I watched Bradley Cooper's Maestro for the first time during awards season, every frame of the film practically crying out for awards like Oliver Twist crying out for more porridge. As awards season begins to wind down and the Indiana Film Journalists Association has announced its winners, I've sat down (Sorry, Brad!) with Maestro once again in an effort to surrender myself to the film and to truly immerse myself in its rhythms.
It was only in recent days that Cooper reportedly proclaimed in an interview that he frowns upon sitting in chairs on his set. It's a statement that was, of course, exaggerated by the media (Trust me. I'm the media. I exaggerate.). However, it provided me more thana little bit of a chuckle as I began watching Maestro once again and realized that Cooper's Leonard Bernstein, an iconic composer and conductor, is actually sitting during the film. It became a drinking game, quite honestly. Every time Bernstein sat down in a chair, I took a shot of whiskey.
Needless to say, I found Maestro intoxicating.
The truth is that I did, in fact, find Maestro immensely more satisfying the second time around. Once I was able to let go of the pressures of awards season consideration, I could truly surrender myself to this reflective yet forceful work of wonder that is less a biopic about Bernstein and more a love story about Bernstein's lifelong relationship with Felicia Montealegre Cohn Bernstein (Carey Mulligan).
As much as I loved Maestro, I would still say the film doesn't quite lives up to its potential. It's a film with masterful moments surrounded by narrative that never quite gels into the cohesive whole we long for it to be. Cooper co-wrote, directed, and stars in Maestro and you can tell that he feels this story in his bones. You can tell that Cooper feels immense love and compassion for these complex human beings even if Maestro does at times simplify those complexities.
Cooper makes us love the maestro himself, Bernstein, affectionately known as Lenny. He was the first American-born person to conduct the Berlin Philharmonic, New York Philharmonic, and the London Symphony. Bernstein's name is a name synonymous with conducting and composing and teaching and music itself. While one can argue, accurately, that Maestro glosses over Bernstein's life to a degree this is not a film about Bernstein's life. It is a film about Bernstein's love. Maestro is a composition of sorts to Felicia, Bernstein's wife of 27 years who entered the relationship wide-eyed and knowing of Bernstein's attraction to and seduction of men. At his core, Bernstein was a seducer of life, of music, of audiences, of Felicia and, yes, of men. Does the film gloss over this complexity? Honestly, not really. It merely maintains it was part of the symphony that was Bernstein's life.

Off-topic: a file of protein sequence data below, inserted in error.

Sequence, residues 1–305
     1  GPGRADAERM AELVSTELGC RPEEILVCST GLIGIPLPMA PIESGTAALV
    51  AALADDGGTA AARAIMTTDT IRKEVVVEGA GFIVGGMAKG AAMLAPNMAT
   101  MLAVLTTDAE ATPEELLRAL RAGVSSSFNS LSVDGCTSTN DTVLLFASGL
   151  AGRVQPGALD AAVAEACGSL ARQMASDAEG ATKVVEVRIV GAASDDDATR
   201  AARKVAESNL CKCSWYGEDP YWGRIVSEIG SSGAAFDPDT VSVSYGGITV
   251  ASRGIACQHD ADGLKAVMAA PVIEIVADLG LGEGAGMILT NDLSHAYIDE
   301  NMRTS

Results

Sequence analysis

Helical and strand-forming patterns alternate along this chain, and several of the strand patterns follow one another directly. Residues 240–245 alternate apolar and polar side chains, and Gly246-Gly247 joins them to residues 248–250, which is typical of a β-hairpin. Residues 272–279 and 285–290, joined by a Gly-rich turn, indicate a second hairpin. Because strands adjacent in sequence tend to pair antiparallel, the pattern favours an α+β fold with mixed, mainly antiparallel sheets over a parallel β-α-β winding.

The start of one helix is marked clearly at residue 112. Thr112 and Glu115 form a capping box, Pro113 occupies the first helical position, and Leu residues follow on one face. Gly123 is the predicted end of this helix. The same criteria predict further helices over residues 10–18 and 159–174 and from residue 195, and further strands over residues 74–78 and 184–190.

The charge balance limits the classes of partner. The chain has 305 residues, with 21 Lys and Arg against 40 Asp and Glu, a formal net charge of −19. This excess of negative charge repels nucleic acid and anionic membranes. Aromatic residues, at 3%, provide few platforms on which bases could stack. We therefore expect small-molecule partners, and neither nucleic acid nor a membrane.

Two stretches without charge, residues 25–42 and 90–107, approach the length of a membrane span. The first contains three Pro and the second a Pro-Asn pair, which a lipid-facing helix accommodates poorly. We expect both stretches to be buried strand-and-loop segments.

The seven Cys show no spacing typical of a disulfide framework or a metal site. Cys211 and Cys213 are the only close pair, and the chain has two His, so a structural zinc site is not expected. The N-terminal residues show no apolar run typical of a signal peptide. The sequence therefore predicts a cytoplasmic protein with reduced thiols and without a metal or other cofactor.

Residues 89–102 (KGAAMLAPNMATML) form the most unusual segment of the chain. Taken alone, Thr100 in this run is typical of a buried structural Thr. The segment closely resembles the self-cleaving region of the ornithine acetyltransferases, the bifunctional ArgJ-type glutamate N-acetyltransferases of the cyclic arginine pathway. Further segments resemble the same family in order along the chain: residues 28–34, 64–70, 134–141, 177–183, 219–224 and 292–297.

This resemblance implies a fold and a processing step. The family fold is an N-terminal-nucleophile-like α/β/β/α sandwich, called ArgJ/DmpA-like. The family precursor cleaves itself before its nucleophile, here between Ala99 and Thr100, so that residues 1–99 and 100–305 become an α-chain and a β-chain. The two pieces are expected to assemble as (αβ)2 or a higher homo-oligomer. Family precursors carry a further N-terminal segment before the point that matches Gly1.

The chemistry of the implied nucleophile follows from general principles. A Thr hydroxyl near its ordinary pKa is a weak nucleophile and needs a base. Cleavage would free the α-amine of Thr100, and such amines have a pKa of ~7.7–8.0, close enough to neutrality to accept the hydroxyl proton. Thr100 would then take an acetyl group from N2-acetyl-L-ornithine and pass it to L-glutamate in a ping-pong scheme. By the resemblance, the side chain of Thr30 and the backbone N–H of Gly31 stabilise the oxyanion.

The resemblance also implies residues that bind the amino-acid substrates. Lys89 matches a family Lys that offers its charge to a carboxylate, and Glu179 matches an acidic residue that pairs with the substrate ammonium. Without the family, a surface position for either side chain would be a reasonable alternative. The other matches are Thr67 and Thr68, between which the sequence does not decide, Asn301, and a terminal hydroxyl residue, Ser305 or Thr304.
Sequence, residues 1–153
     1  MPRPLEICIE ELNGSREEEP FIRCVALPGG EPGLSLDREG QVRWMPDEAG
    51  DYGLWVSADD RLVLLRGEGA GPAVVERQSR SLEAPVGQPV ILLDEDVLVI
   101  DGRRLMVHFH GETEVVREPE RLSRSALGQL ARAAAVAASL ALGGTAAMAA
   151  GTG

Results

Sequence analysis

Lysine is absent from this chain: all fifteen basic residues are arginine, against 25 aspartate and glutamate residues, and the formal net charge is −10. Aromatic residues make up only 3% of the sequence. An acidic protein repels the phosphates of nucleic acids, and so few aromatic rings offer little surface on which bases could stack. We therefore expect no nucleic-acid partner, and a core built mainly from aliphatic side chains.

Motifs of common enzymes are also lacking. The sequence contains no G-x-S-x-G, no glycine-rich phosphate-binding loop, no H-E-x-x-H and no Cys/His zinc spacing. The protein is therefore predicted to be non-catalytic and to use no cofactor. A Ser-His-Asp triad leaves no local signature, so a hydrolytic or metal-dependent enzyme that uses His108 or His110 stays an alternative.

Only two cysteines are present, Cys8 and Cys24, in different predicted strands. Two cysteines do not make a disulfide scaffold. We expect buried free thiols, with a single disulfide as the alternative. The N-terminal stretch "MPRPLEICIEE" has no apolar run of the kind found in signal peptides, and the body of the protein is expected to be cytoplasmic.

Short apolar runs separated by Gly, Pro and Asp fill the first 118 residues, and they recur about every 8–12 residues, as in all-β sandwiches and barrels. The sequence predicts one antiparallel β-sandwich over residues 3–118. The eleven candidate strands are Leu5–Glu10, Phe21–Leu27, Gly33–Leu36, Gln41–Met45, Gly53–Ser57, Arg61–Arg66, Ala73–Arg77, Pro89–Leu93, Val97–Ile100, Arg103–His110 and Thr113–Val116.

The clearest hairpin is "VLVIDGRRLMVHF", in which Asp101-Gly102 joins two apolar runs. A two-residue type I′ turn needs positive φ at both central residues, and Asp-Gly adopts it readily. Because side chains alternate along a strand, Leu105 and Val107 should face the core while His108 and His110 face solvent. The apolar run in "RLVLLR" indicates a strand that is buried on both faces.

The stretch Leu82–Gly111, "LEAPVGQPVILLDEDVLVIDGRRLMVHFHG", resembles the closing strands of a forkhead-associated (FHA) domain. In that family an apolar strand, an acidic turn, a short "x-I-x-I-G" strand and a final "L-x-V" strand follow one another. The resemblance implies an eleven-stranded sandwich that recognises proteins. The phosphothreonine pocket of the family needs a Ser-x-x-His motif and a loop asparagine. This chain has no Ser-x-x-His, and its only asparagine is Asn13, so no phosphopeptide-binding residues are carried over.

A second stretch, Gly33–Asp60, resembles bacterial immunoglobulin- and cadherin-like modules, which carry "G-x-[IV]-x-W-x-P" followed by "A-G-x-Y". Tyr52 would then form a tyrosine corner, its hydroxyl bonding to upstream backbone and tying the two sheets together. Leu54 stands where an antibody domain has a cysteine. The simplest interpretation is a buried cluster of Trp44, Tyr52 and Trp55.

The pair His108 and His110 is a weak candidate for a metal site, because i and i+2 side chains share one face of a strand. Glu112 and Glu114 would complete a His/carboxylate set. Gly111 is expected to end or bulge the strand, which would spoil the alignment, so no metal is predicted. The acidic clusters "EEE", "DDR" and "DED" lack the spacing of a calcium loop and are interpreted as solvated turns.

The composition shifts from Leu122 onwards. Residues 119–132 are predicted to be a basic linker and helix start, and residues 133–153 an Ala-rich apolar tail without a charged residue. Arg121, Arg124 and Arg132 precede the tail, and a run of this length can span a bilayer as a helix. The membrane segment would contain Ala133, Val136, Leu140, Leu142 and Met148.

Maestro is a weighty film. Every word matters. Every note matters. At times, it's a touch exhausting yet never less than exhilarating. This is sublimely captured in one particular scene when Bernstein conducts Mahler's "Resurrection" at Ely Cathedral in the U.K. In this scene, Bernstein is full-on surrendered to the music and the universe it has created. It's mesmerizing to watch and transformative in a myriad of ways.
Maestro also represents growth as a filmmaker for Cooper, a growing confidence and a growing mastery of tone and atmosphere, framing and balance. At times, I found myself marveling at Cooper's ability to transform himself as an actor while also maintaining inspired direction of the film. Yes, there is a team alongside Cooper. However, make no mistake - this is a Bradley Cooper film.
As he proved with A Star is Born, Cooper is also masterful at casting his onscreen companions. Lady Gaga was an inspired choice for A Star is Born. Carey Mulligan is perhaps even more inspired in Maestro. In a lifetime of brilliant performances, Maestro is one of the best for Mulligan as she finds every nook and cranny of Felicia's heart and mind, body and soul. Early scenes posssess a retro vibe that is just extraordinary. As the relationship between Lenny and Felicia develops, one also watches Mulligan's transformation that is powerful and aching, brilliant and vulnerable. These were two people who were deeply in love and who deeply loved their three children, yet they were also two people who complemented one another rather than completed each other.
Both Cooper and Mulligan are previous Oscar nominees. It would be surprising if they aren't once again for Maestro.
The film's original score is, appropriately, provided by the late Bernstein himself. Years after his passing, he's still seducing us. Lensing by Matthew Libatique, rapidly becoming one of the few cinematographers whose work I eagerly anticipate, is somehow both universal and intimate, tremendously disciplined and spontaneous with the spirit of life.
Consider me seduced. Maestro is intoxicating.
Written by Richard Propes
The Independent Critic